*

Matt stared dolefully at his chicken. It reminded him of the ruched hips of a big woman with poor circulation. The kind of woman he knew only too well. The cheesecake was pale and flat, like a face with features smoothed by excess weight. Raisins took the place of small eyes, glinting with hurt and shock. For the first time, he failed to finish his dessert. He looked at the cheeseboard: crumbly pale slabs, rich golden mounds, sheeny acres of pallid soft calories, like the spread limbs of victims. He stumbled from the restaurant without leaving a tip.

*

The Sow was sent off, lumbering and fearful. Liz turned to lunch. She lifted a vacuum flask of bouillon from her bag and opened the fridge to extract a box labeled ‘medical supplies – refrigerate’. From it she took a bag of pre-packed salad.

As she sipped her soup she studied the hand holding her spoon. Wrist-bones showed elegantly through amber skin that diet and sun kept lean and glowing. Matt called her his ‘gazelle’. She’d never been fat, not even plump, even though for a while she’d seen a fat woman in the mirror. She despised people who had blubber, except for sweet Matt of course, when he was bulked up for work. She knew he worried about the drastic weight swings their scheme required, but she’d said dieting had never done her any real harm, which reassured him.

Idly she flicked up the laptop screen, wondering if he’d emailed her. It didn’t look like it. But he had installed a new desktop image. Sweet boy. It was of marble or perhaps ice. Something blue-white and chilly anyway. The draperies of a Greek statue? Wind-sculpted snow in the Arctic? She shivered, peered closer. She saw a blue hollow like … a navel? Diagonal lavender shadows were folds of white fabric drawn across a body. It was a close-up of the disgusting female she’d seen in the earlier e-mail. It must have contained a virus that had invaded her machine. How ghastly.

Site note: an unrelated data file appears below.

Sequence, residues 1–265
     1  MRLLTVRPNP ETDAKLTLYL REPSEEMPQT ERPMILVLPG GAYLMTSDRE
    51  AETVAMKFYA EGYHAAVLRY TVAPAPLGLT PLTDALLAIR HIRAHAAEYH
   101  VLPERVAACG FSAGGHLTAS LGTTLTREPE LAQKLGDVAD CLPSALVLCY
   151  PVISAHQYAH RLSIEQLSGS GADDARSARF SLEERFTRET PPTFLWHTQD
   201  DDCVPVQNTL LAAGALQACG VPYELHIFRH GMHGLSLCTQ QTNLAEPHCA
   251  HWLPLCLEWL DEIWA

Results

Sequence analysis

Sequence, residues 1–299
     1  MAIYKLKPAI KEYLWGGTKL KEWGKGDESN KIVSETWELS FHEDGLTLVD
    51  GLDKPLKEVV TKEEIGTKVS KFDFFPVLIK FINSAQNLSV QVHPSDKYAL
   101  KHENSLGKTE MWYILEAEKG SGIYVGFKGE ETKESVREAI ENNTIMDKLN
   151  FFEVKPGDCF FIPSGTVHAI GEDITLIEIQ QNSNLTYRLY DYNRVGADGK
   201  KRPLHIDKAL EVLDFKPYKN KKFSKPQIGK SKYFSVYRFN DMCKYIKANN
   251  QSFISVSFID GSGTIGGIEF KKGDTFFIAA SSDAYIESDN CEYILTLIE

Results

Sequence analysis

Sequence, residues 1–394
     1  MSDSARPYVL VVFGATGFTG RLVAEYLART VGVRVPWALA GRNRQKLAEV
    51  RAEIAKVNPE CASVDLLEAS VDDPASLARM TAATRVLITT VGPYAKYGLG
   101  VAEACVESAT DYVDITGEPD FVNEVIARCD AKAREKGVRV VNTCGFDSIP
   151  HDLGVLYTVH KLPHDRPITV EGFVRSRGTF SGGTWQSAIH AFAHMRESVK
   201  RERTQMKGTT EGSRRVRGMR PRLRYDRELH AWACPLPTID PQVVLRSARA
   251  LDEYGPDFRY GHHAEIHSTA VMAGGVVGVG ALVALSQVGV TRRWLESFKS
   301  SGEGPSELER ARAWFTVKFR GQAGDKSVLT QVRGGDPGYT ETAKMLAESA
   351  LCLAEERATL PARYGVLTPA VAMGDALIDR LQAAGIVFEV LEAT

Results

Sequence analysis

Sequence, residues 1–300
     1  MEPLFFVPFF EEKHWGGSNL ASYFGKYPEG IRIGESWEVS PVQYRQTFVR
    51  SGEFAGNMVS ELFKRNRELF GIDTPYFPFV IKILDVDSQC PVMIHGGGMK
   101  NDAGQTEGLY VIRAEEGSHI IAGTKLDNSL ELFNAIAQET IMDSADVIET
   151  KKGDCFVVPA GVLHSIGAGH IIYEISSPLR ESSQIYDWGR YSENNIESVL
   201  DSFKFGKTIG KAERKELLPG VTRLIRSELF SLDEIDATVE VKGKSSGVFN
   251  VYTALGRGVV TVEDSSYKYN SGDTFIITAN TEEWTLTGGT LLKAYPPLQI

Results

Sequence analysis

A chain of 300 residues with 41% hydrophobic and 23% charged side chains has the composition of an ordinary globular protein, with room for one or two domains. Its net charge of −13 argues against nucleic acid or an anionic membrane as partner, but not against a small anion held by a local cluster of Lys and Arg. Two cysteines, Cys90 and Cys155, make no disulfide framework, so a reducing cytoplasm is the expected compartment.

She slammed the laptop shut. Suddenly she didn’t feel hungry. She’d make up a few treatment packs to post out and then have some salad – she didn’t want to get too thin. She was in control of her food, of course, it didn’t control her anymore. No, she’d learned that lesson. It was understandable that she’d lost her appetite when she saw that grotesque monster, that hideous creature, on her computer screen. Involuntarily her eyes turned to the closed laptop and she shivered again. First work – then lunch. She was managing her diet, she would eat; she wasn’t making excuses to skip a meal. She didn’t do that anymore.

*

Matthew felt fat. Gravity pulled his six course meal down, and his heart with it. He was soundly, roundly, utterly, depressed. He sat in the car for a while, trying to summon the energy to drive. Big lunches always did this, drained his vitality and left him prostrate with melancholy. Eventually he turned the key, wishing Liz would hurry up and think of another way to make money.

*

Liz looked at the neat pile of padded brown envelopes – discreet and lucrative. She wondered how much longer Matt could play his role. One of the women hadn’t followed up on her last test kit by placing a new order … odd. Liz flicked through the address labels, unwilling to open the laptop and look at the spreadsheet of names there. It was Cynthia Edwards, first course completed two weeks ago, kit used and returned to the PO Box that Liz maintained for just this purpose. Liz had sent out the standard letter, saying Miss Edwards wasn’t yet clear of disease but a new treatment would probably ‘resolve the situation’. No reply. Which one was Edwards? Oh yes, the Grantham Gargantua. Probably the biggest woman Liz had ever seen. The chair had creaked and groaned under her weight like a foundering ship. Rich too. It would be a shame if she didn’t pay for a new course of treatment. Something else about the Edwards woman nagged at her mind. Manacles. That was it. When Matt got to the huge woman’s huge house he’d found a pair of handcuffs hanging over the front door. He’d wondered what he was getting into – but it turned out handcuffs were the woman’s logo, meant to show how businesses were manacled to the big software companies. Edwards had described herself to Matt as the key that unlocked the cuffs of business. She’d said she hated the way people were tricked into paying for things they didn’t need and couldn’t use, just because technology moved so fast.